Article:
Elephant ride at Elephant Whispers in South Africa

Elephant Encounter – amazing facts

Have you ever seen the inside of an elephant’s mouth, stood between its front legs or stroked its back and survived to tell the tale? I also studied the sole of an elephant’s foot (it has toenails). Did you know that elephants are matriarchal? That the moms raise the children and discipline them? Or even that teenage elephants need to remain with the herd to learn how to behave? Legendary elephant graveyards probably exist in muddy places where the grass is soft and easy to chew because elephants mostly die of hunger as their teeth are no longer able to chew.

Elephant ride at Elephant Whispers in South Africa

Training Elephants

Elephant Whispers, Hazyview, South Africa, is one of many places where elephants are being saved, literally, from being killed. The seven elephants at Elephant Whispers were all “problem children”. I had to think of Colonel Hati and his troupe in the Jungle Book when these great big elephants all obeyed a string of requests: turn right, turn around, walk forwards. Then we could each ask an elephant to do something, even my seven year old could ask Jabu to pick up a hat and he did! African elephants, as opposed to Indian elephants, were reputed to be untrainable! The elephants aren’t forced to do anything but are taught to link an action with language using tidbits as reward, neither are they linked to a single trainer. This was our introduction to the elephants, then we could actually touch one of the elephants called Thandi, which means beloved. The hide is very rough! We scrutinised the soles of her feet as she lay patiently while we also inspected her huge toenails. The sole looks much like the rest of the hide except that it can be contracted to walk easily in muddy conditions.

Riding on Elephants

Elephants don’t sweat but cool themselves by fanning their large ears and dipping their bodies in water. We had a good view of the teeth and massive tongue, a photo opportunity between the forelegs and then a ride! An intricate process to ‘board’: our elephant gracefully kneeled down and my daughter and I and a trainer made ourselves comfortable on the huge saddle and hung on tightly while Thandi heaved herself upright. I tried not to think about the fact that my sons were on Jabu who had been a sad elephant seven years ago waiting to be put down. He lost his mate to another elephant and went on the rampage, attacking other animals and humans. The sanctuary insisted on taking him in and he calmed down. We enjoyed a smooth ride, a lovely view of the bush and the Kruger National Park from on high and returned with renewed respect for these gentle giants.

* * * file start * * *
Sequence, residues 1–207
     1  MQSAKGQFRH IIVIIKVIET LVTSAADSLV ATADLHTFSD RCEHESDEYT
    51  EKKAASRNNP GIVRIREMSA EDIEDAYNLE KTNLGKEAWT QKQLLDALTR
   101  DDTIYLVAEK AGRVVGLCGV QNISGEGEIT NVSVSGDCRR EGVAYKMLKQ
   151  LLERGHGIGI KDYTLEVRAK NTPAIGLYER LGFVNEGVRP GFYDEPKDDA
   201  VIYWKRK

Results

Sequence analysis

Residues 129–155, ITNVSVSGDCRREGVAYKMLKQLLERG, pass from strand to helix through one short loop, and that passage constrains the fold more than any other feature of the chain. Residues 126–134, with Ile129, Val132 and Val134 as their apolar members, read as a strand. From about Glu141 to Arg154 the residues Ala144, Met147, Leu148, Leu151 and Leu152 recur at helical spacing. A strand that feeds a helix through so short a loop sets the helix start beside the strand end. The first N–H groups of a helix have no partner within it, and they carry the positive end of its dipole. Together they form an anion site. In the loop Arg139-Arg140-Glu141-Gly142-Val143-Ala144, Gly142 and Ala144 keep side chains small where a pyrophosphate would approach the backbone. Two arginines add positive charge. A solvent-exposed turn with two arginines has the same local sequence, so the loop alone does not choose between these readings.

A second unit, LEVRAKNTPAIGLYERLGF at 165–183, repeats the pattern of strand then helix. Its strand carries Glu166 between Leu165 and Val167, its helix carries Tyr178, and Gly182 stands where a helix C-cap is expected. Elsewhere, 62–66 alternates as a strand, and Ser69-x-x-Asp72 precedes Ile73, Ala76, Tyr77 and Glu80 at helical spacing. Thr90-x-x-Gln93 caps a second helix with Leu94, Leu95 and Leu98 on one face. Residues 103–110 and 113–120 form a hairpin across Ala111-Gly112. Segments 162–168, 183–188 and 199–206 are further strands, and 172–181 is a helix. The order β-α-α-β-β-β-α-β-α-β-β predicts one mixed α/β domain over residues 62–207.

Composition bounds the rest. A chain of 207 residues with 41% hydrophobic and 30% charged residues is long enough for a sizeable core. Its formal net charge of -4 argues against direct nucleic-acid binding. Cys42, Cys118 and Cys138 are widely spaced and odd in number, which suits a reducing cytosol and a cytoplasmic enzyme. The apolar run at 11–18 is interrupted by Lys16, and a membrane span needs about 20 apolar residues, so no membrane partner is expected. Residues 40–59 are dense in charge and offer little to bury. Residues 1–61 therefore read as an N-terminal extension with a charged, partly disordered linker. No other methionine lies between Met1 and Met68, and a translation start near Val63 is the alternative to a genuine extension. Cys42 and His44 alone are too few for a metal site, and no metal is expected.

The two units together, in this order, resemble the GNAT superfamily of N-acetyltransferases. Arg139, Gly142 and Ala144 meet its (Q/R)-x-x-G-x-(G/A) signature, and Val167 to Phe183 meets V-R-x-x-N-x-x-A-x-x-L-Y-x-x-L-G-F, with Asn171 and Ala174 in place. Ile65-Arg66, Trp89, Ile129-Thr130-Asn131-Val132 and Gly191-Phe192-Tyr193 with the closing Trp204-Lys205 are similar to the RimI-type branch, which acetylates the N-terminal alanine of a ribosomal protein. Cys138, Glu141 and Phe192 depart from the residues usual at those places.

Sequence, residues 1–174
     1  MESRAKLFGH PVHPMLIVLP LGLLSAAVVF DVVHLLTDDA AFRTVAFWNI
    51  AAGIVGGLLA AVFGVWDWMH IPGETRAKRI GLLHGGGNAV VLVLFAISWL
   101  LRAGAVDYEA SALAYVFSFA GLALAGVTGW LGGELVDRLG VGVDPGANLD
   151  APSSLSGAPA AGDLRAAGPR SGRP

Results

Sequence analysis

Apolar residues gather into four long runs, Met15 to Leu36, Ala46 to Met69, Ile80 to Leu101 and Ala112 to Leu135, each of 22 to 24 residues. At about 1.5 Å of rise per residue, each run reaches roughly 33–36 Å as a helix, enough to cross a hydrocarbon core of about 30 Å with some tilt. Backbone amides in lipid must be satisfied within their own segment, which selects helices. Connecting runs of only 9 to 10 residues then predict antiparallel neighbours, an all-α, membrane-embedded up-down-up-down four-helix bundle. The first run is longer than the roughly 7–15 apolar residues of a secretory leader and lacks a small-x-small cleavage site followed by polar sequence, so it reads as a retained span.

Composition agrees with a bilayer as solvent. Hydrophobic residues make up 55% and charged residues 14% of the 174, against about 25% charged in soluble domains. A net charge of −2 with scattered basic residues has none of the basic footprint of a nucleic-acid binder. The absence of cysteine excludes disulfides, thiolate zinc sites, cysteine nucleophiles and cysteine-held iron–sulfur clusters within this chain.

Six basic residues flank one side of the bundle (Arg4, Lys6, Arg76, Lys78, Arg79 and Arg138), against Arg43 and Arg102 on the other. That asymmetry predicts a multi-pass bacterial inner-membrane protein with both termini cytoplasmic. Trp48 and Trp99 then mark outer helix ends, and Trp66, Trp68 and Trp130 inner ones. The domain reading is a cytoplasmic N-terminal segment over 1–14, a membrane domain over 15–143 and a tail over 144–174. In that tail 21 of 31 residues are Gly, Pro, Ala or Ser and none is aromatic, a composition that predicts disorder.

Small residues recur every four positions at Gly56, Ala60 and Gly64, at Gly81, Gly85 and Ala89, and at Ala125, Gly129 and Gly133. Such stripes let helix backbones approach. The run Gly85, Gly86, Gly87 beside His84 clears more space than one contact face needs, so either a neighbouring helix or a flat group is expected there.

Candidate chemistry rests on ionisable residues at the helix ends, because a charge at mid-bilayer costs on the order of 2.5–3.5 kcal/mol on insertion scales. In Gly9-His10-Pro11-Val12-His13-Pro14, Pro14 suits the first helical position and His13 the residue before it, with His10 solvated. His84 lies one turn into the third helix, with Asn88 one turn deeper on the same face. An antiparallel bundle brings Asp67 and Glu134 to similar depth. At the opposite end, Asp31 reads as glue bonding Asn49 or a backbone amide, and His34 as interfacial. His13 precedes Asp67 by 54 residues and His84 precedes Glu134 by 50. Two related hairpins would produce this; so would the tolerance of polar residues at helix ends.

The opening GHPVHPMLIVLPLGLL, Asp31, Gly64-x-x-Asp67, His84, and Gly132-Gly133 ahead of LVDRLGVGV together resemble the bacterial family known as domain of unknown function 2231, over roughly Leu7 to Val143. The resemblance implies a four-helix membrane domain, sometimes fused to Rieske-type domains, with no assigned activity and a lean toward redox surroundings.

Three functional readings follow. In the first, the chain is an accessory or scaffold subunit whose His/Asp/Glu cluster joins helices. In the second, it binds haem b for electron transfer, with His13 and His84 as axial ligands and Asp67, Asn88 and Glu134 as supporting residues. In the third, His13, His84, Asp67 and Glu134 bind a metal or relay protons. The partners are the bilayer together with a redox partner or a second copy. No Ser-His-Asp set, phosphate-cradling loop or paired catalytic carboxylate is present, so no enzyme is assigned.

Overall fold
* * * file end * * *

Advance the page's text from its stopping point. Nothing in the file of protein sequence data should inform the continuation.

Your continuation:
Elephant Sanctuary Habitat in Tennessee

The Elephant Sanctuary in Hohenwald, Tennessee is the largest natural habitat refuge in the United States, according to information on the organization website. Elephants who have retired from circuses and zoos may find a home on the 2700 acre habitat with natural environments for Asian and African elephants.

Sanctuary for Retired Elephants

Elephant Whispers in South Africa

Elephants live out their retirement years roaming in one of three separate and protected environments. Resident elephants are not required to entertain or perform, but they get to live out their golden years living like elephants.

The Elephant Sanctuary takes in needy female elephants, which are released to roam on the 2700 acre habitat. While the habitat is still a form of captivity, it comes pretty close to being in the wild for the mammals.

Elephants are social animals, so when they are released into the sanctuary they look for a friend. They pair off, just like human girlfriends who hang out together, according to a CBS report.on You Tube with Steve Hartman, on CBS News with Katie Couric:The Animal Odd Couple.

The sanctuary takes in only female elephants because it is not natural for adult female and male Asian elephants to live together. Female elephants live together in a social setting, but adult males prefer to be alone.

Fact or Fiction? – Elephants Never Forget

The Elephant Sanctuary website has pictures of all their elephants and the property. In their “In the News” section they have published an interesting article by James Ritchie that was published in Scientist American. The article, titled “Fact of Fiction? – Elephants Never Forget”, talks about the long memory that is legendary in elephants.

In the article, Carol Buckley at the Elephant Sanctuary, reported that when a resident elephant was introduced to a newcomer the two girls, Jenny and Shirley, could hardly contain their excitement at seeing each other. It turned out that the two had been in the same traveling circus 23 years earlier.

Researchers believe that their remarkable power of recall is how elephants survive. Matriarch elephants hold a store of social knowledge that their families rely on to survive.

Elephants have high intelligence, right up there with dolphins, apes and human beings. According to research these are the only mammals that can recognize their reflections in the mirror.

Tribute to Jon and Jim Hager

Elephant Whispers

Jon and Jim Hager were the twin duo, famed for their years on the country music show “Hee-Haw”. Sadly, both of the 67-year-old men passed away recently. Jim Hager died in May, 2008. Jon Hager passed away on January 9, 2009.

The musical twins were avid supporters of the Elephant Sanctuary from its beginning in 1995.

Elephant Sanctuary Mission

The Elephant Sanctuary provides a humane natural environment for female elephants to live out their golden years after being retired from zoos and circuses.

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